Cedars annex proposal might need mulligan

Golf course's current, former owners shy of needed signatures




A controversial annexation proposal involving a Brush Prairie golf course appears in need of a mulligan.

Applicants seeking to make The Cedars on Salmon Creek golf course part of the city of Battle Ground do not have the necessary number of signatures at this point to bring the matter before the council, Clark County officials said.

Gordy Jolma, the golf course’s owner, and Bill Saunders, the course’s former owner, have sought to move their land and five neighboring homes on Northeast 149th Avenue in the Cedars neighborhood into the city. The homeowners and other Cedars residents oppose the annexation.

The applicants needed signatures from people who own 60 percent of the market value of the proposed annexation area to bring the matter before the Battle Ground City Council for a scheduled Aug. 15 vote. Jolma and Saunders are less than a percentage point short, with 59.64 percent of the $10.3 million market value.

The Clark County commissioners could have put the applicants over the top, but they chose Wednesday not to sign the petition for 81 acres of county-owned land within the annexation boundary.

The Aug. 15 hearing on the matter will be postponed, Battle Ground City Manager John Williams said.

The petition signatures the applicants received are good for six months. If they are able to get one additional signature the applicants could then seek a 60 percent certification from Clark County Assessor Peter Van Nortwick and a hearing before the Battle Ground City Council.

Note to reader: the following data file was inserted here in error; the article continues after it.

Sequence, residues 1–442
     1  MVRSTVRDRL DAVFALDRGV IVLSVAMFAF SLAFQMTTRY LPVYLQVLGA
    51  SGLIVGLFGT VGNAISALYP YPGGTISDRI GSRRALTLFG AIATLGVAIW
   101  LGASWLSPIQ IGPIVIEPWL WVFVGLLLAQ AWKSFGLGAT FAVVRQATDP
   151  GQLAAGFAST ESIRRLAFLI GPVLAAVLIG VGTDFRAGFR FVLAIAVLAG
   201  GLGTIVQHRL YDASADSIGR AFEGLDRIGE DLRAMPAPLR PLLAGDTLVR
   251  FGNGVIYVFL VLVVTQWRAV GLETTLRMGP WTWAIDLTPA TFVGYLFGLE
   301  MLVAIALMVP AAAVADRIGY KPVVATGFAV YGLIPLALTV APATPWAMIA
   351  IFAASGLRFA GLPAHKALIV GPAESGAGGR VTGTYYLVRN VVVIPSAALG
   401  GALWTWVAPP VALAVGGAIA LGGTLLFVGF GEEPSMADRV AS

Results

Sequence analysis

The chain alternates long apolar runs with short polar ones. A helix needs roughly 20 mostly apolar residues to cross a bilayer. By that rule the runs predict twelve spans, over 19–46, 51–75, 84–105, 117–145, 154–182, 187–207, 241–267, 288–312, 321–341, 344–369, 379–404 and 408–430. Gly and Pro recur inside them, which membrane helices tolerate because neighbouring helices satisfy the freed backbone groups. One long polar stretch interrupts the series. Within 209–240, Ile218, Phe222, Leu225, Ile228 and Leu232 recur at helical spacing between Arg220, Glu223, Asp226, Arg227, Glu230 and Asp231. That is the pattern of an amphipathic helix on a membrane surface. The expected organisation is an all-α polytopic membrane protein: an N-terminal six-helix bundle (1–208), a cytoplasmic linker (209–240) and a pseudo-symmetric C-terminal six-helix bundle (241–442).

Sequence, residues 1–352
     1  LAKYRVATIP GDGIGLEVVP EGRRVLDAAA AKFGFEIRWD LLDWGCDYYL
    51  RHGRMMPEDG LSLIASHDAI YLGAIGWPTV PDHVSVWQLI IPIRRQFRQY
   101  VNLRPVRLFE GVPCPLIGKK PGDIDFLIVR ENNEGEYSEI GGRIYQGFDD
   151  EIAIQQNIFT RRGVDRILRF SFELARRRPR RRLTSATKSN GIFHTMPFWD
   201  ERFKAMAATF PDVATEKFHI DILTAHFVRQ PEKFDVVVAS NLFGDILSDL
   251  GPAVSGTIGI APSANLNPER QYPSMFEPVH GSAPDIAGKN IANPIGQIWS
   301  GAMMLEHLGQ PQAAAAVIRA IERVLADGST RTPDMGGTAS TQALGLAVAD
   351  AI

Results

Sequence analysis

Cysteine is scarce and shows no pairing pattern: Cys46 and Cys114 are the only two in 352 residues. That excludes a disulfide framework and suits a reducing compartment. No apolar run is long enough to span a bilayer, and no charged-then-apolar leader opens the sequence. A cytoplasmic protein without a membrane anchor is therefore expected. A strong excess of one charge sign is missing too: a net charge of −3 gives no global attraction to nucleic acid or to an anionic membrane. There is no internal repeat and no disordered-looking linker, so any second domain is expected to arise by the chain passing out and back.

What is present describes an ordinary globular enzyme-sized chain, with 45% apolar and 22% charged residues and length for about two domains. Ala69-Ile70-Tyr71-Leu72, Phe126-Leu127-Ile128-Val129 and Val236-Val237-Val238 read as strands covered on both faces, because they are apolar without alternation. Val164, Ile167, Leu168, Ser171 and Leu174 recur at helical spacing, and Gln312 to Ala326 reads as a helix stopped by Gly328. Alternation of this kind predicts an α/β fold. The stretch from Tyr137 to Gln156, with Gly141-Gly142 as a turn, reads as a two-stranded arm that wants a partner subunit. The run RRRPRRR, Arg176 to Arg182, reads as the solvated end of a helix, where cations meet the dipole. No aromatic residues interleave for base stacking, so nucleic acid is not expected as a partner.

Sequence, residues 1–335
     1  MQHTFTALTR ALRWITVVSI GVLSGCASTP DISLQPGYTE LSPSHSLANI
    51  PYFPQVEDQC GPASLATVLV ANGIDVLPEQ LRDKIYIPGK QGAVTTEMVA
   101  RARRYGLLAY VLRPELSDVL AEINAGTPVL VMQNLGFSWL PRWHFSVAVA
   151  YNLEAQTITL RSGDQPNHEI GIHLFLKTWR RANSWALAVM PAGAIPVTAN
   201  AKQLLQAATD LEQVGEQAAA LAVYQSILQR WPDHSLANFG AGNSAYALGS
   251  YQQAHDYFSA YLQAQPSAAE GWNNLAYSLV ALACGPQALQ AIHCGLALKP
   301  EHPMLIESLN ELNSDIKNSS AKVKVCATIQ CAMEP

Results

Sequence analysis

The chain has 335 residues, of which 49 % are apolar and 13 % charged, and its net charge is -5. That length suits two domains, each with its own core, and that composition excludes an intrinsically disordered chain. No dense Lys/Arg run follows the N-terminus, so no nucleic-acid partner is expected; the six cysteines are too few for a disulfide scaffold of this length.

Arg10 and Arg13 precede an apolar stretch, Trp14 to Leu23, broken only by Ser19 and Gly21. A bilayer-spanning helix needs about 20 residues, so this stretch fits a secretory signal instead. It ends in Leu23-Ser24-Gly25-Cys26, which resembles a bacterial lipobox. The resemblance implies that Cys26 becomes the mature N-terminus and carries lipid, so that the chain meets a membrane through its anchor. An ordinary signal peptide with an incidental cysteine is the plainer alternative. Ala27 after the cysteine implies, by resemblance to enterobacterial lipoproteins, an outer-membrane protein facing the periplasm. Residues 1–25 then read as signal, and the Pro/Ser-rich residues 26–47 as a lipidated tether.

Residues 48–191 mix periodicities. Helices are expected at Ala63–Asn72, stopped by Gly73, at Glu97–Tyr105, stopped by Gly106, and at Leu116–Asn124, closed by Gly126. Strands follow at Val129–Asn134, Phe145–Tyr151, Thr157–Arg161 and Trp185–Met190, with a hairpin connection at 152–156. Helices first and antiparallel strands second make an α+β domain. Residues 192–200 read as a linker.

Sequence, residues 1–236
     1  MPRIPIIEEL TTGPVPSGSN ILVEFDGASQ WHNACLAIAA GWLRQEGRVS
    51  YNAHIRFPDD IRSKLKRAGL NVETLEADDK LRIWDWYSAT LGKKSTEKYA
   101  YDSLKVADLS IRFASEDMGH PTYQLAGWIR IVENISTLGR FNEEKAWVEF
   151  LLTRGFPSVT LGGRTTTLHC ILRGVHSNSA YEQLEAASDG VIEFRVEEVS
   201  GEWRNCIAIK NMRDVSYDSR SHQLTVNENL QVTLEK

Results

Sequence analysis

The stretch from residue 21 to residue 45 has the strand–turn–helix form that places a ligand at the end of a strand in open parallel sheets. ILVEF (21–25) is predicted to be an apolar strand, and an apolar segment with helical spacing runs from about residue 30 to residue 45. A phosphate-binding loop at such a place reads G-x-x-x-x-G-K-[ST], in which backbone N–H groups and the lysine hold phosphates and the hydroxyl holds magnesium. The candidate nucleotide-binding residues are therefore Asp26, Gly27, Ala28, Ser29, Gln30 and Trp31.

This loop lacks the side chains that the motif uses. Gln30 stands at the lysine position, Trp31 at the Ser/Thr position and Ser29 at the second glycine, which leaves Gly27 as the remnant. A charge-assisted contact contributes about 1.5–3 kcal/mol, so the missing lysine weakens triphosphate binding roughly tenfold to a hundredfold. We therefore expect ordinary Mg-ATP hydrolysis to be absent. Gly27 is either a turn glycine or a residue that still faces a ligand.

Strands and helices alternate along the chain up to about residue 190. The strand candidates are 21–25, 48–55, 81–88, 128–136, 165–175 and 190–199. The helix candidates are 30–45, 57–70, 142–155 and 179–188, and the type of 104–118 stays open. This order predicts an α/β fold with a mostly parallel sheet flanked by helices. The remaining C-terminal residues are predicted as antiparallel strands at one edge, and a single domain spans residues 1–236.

Barring that unforeseen turn of events the applicants would have to re-apply for annexation.

Restarting the process would require a new annexation map and signatures from people owning 10 percent of the annexed area before an initial council vote. Such a map would likely not include Northeast 149th Avenue, predicted Robert Maul, the Battle Ground community development director.

“This hasn’t been the cleanest application we’ve received,” Maul said. “I suspect if they re-apply it wouldn’t include those five residents.”

The proposed annex sparked controversy last month when Brush Prairie residents argued the applicants reconfigured the map to receive the necessary amount of signatures to move forward with the annexation and make it easier in the future to annex the entire neighborhood. Cedars residents objected to the move because they said city officials failed to explain how the move would benefit them and applicants failed to explain their motivation for the annexation.

Residents feared Jolma’s and Saunders’ property value would make their opposition moot. That does not seem to be the case now.

How the applicants intend to obtain the remaining percentage point or whether they will take a different route remains to be seen. Jolma did not return multiple phone calls this week.

Cedars resident Eldon Dehaan said he expected the applicants to design a new annexation map. Dehaan said the other four homeowners on Northeast 149th Avenue were firmly against the annex proposal.

“I think they’ll find a different way but they will have to file a new petition to do it,” Dehaan said. He added, “I don’t look for the city or the golf course to change their long-term strategy.”

The Battle Ground City Council does not actively pursue areas to annex, Deputy Mayor Phil Haberthur said in an interview earlier this month.

Dehaan questioned this statement. He called the attempt to annex five homes on Northeast 149th Avenue a “savvy move” politically because it opened the door for islands to be created, where unincorporated parcels are surrounded by city limits. Once islands are created, it would be easier for the city to annex the entire neighborhood, Dehaan said.

Maul doubted the council, based on its past performance, would annex whole areas opposed to such a move.

Clark County commissioners also expressed doubts about the wisdom of creating “doughnut holes” in the map.

“The roads would go from the county to the city to the county and back and forth,” Commissioner Marc Boldt said.

Cedars residents are currently in Battle Ground’s urban growth area and use the city’s sewer system. For this reason, Battle Ground Mayor Mike Ciraulo has said the Cedars neighborhood will become part of the city “sooner or later.”